When choosing double-glazed windows, it’s not just the price (although it’s an important parameter) that you should pay attention to, but also other characteristics. These may be the size, shape, type of profile, and brand. The number of layers also affects your choice. Among the most commonly used windows are double-layered and triple-layered structures, which are also called single- and double-chambered windows, respectively. Let’s analyze their composition, differences, advantages, and area of application.
The composition of two- and three-layer insulated glazing units
All windows consist of two main components – profile and glass. The first takes about 30% of the glass unit, while the second – up to 70%. Of the additional components, we should highlight the fittings. Both the profile and the glass can be different, and their construction and composition primarily depend on energy-saving characteristics. It is the number of chambers in the profile, which varies from 3 to 6, and the number of chambers between the panes (the most popular are 1 or 2 chambers, rarely 3-chambered structures) that influence the ability to retain heat in the house.
A single-chamber glazing window consists of two glass panes that have a space between them, called a chamber. A two-chamber construction consists of three glass panes – two external and one internal. The number of chambers affects the insulation characteristics first: the more of them, the better the window retains heat in the house. They often inject inert gas, which conducts almost no heat, into the chambers. The gas used is almost always argon as it is safe for people and plants and does not evaporate, due to which the glass can be used without a “refill” for up to 10 years and more.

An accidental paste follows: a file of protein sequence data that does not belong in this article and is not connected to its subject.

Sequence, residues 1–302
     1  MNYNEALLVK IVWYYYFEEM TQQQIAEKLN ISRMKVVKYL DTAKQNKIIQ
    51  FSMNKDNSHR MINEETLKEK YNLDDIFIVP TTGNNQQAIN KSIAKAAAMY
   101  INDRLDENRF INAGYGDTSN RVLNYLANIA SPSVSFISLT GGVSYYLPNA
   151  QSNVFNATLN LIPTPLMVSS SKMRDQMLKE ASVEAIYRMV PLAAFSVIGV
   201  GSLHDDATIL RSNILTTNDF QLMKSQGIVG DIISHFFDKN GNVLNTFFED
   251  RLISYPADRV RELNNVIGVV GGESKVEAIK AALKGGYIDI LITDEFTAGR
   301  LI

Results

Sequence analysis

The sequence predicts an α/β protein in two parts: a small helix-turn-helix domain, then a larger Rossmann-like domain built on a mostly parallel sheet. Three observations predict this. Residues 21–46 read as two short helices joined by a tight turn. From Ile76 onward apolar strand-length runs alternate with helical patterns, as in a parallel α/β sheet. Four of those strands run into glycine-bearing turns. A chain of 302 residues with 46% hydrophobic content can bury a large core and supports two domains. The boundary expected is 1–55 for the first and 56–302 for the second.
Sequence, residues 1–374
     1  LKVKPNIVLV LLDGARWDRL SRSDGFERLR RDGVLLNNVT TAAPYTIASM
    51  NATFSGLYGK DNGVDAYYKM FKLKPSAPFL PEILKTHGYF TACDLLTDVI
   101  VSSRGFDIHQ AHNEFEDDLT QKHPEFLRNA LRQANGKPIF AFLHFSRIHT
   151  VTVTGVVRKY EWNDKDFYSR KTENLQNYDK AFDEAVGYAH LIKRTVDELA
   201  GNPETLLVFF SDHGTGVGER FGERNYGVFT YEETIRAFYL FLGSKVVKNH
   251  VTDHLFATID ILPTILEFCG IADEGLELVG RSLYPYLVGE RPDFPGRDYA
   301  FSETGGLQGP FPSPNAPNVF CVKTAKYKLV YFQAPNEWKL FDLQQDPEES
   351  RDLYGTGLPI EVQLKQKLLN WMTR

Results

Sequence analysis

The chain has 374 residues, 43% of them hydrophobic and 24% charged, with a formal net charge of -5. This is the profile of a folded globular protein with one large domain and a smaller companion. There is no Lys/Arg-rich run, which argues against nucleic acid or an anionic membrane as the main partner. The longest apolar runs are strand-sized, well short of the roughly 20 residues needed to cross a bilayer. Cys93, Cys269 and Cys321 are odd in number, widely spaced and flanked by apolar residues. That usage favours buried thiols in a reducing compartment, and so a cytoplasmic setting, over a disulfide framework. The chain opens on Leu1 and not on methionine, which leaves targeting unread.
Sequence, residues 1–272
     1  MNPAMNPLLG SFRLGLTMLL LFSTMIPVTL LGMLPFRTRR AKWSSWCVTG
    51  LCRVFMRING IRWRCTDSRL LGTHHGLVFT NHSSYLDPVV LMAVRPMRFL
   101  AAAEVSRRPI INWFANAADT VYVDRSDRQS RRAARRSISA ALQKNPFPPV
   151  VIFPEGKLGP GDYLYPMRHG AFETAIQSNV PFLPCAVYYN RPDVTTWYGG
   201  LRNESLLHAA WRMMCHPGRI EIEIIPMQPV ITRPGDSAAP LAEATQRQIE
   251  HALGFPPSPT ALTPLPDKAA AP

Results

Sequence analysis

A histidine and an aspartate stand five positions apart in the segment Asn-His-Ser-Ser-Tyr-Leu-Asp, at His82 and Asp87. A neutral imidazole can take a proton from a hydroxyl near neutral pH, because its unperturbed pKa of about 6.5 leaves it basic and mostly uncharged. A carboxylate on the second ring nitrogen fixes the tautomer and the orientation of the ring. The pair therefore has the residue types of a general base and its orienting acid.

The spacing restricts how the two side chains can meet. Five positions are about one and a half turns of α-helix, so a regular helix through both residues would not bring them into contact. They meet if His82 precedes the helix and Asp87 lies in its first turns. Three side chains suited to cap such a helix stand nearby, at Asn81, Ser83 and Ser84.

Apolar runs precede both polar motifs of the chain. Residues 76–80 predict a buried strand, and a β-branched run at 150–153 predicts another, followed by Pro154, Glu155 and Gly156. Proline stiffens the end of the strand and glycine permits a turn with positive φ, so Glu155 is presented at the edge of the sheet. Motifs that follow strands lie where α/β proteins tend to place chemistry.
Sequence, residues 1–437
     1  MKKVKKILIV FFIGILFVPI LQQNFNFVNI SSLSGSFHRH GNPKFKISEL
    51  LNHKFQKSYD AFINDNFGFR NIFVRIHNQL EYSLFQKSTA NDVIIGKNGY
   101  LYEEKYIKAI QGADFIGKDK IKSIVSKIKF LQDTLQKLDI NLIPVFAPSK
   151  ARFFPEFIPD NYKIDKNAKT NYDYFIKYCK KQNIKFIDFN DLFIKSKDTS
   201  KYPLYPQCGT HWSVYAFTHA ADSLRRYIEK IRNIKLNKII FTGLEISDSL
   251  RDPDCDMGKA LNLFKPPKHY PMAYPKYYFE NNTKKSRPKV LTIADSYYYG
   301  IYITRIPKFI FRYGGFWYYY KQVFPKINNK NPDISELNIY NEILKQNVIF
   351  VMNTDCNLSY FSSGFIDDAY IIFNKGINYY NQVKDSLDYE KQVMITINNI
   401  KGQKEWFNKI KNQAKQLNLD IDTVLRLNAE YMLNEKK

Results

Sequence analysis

Another characteristic of modern windows is that they use coated glass containing tin and silver ions, which work like a mirror and reflect more than 60% of the escaping heat back into the room.
It’s obvious that the energy efficiency of 3-layer structures is higher than that of 2-layer ones, yet the latter have their own advantages, described below.
The thickness of two- and three-layered double-glazed units
A single-chamber construction usually consists of two glass panes 4 mm thick and a distance between them (the chamber itself) of 16 mm. Thus, the total thickness of double-glazed units is 2.4 cm. Thus, the total thickness of double-glazed units is 2.4 cm (0,9 in).
Obviously, the three-layer glazing unit is thicker. Dimensions of each layer:
- Three glass panes of 4 mm.
- The first chamber – 16 mm.
- The second chamber – 14 mm.
So it appears that the standard thickness of a three-layer double-glazed window is 4.2 cm (1.6 in), although there are other sizes. As we mentioned earlier, they also produce 4-layer windows with a thickness of up to 6 cm (2.4 in). Yet their use is justified only in conditions of severe cold, where winter temperatures fall below -40⁰C (-40⁰F); in warmer regions, though, a 3-layer structure will suffice for effective energy conservation.